“I always say, it isn’t a question of ‘Can we get it done?’ It’s ‘How are we going to get it done?’ For COVID, within two weeks, I had 100 college students preparing for careers in healthcare hired as COVID testers. This was in October, and we had all these students around who were suddenly doing school online or had no job during their school holiday break. This opportunity turned into a whole new internship program, which led to a new nursing pipeline strategy.”

She also served as Emergency Department Manager and Clinical Operations Manager at IU Health, and Program Director and Regional Manager of Clinical Services at PHI Air Medical, in Indiana, Michigan and Tennessee.

“Most of my clinical background has been in critical care,” she says. “While I was on the ground, it was intensive care and emergency services. In the skies of pre-hospital EMS services, your knowledge basis is from high-risk obstetrics to trauma care. The autonomy to make decisions and care for those patients had such an impact because time matters, but I also knew that I loved change management and process improvement. I love to mentor people, I love project improvement and emergency preparedness and operations.”

Supporting leadership at every level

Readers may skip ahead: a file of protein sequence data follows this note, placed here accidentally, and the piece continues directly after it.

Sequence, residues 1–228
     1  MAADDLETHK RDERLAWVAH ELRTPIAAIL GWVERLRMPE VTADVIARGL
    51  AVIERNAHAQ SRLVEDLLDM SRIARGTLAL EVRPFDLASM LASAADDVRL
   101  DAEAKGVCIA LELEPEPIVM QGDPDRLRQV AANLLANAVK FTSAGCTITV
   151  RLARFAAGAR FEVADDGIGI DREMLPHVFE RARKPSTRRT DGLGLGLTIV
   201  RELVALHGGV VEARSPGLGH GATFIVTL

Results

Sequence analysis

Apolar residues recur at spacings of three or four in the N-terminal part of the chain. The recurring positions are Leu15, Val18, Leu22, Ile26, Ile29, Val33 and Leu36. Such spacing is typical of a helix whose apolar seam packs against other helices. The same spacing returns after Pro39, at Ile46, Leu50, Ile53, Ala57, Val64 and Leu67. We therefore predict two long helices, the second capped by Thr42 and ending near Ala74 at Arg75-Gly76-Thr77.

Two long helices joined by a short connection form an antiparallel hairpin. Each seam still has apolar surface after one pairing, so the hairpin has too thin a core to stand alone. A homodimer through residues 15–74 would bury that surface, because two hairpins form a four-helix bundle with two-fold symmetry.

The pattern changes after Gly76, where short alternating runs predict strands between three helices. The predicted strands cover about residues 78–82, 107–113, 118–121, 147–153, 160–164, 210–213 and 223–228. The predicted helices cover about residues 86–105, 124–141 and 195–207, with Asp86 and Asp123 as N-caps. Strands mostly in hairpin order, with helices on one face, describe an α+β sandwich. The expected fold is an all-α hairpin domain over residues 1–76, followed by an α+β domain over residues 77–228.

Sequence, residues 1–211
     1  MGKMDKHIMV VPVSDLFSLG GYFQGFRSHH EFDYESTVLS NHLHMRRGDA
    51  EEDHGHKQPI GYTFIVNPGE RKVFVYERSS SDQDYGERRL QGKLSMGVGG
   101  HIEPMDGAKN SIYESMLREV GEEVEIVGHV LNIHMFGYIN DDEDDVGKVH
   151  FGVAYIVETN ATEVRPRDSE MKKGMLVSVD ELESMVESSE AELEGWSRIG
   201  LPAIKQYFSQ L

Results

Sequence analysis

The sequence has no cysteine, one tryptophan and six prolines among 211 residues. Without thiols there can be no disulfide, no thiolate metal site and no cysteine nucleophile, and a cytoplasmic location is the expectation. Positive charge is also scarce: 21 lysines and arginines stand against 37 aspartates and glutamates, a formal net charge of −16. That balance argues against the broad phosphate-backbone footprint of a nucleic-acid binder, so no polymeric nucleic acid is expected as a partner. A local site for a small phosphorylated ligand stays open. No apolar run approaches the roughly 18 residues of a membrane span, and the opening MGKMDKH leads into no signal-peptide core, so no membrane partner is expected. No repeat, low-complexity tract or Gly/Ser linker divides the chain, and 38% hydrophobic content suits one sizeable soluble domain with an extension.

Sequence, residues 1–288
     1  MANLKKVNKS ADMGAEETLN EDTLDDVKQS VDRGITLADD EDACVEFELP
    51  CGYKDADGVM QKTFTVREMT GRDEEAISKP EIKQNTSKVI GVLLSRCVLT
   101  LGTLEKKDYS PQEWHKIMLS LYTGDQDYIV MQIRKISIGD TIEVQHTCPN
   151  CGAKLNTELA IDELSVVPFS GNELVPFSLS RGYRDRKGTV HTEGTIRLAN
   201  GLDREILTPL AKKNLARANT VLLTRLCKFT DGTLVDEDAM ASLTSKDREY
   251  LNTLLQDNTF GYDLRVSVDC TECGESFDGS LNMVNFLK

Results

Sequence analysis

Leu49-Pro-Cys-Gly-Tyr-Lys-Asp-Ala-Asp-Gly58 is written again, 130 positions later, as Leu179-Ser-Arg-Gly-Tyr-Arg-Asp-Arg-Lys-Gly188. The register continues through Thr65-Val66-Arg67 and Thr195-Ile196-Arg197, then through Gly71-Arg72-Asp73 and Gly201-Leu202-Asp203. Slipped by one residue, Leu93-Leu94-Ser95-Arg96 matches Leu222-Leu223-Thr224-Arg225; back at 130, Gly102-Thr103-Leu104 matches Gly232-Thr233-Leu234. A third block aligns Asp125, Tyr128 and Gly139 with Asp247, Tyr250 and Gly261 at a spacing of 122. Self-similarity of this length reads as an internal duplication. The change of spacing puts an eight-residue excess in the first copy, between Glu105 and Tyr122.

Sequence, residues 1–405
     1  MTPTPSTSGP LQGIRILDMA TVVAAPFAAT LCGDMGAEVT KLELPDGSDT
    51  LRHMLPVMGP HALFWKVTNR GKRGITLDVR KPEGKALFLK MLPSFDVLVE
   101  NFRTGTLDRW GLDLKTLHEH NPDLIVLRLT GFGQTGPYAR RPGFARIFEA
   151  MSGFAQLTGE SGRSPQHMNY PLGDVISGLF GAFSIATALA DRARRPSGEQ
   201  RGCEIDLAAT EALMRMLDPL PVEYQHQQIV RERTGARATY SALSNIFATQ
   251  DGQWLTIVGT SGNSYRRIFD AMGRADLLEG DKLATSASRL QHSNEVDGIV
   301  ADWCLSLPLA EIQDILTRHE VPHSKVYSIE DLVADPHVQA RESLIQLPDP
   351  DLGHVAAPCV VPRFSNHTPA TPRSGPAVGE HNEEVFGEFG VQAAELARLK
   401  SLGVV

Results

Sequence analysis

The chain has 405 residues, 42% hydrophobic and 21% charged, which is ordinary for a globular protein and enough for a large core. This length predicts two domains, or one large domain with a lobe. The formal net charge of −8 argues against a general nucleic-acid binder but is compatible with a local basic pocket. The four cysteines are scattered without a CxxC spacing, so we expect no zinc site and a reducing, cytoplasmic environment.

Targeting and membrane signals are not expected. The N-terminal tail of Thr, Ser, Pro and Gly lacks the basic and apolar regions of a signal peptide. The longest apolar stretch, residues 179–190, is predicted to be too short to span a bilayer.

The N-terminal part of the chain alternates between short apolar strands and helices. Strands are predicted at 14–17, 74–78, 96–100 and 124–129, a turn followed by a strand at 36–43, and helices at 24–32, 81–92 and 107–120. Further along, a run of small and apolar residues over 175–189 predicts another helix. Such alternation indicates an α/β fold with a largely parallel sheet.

In her new role, her focus will include nurse recruitment and retention and empowering nursing caregivers at all levels.

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“Not everyone has to go into leadership in a formal structure with people reporting to you. We need leaders at the bedside,” she says. “What does professional growth mean for those who want to continue to be directly involved with patient care? Being part of the decision-making process between staff and management to develop changes for patient care delivery is leadership. I try to empower the frontline caregiver’s voice because they are the ones doing the work.”

Helping nurses achieve their career goals is, like Kunberger’s leadership lessons, born of personal experience. There was a time, after all, when she seemed an unlikely candidate for the nursing profession.

“I am diagnosed with attention deficit disorder and dyslexia. I originally went to college on a ballet scholarship,” Kunberger says.” I got a part time job in a hospital to make ends meet as a registration clerk in an emergency department. After I started that role, I was inspired to be a nurse.”

When Kunberger took the nursing program entrance exam, she earned only average scores, and wasn’t among the 40 students initially selected to join the program. That didn’t stop her, however.

“I contacted the dean of the school to better understand what steps I could take to eventually get into the program,” Kunberger says.” She shared with me on the phone something that ended up being the words that created my internal drive. ‘Not everyone is made to be a nurse. You may want to try something else like a tech program.’”

But Kunberger got a chance to prove herself in the program when other students declined their place in line. She ended up being the American Nursing Association student body president.

“At the time, I believed I had something to prove,” she says. “Later, I recognized that everyone learns differently and leads differently. As a leader, I try to mentor those who have high hopes and dreams. Anything is possible if you have faith in yourself and support from others.”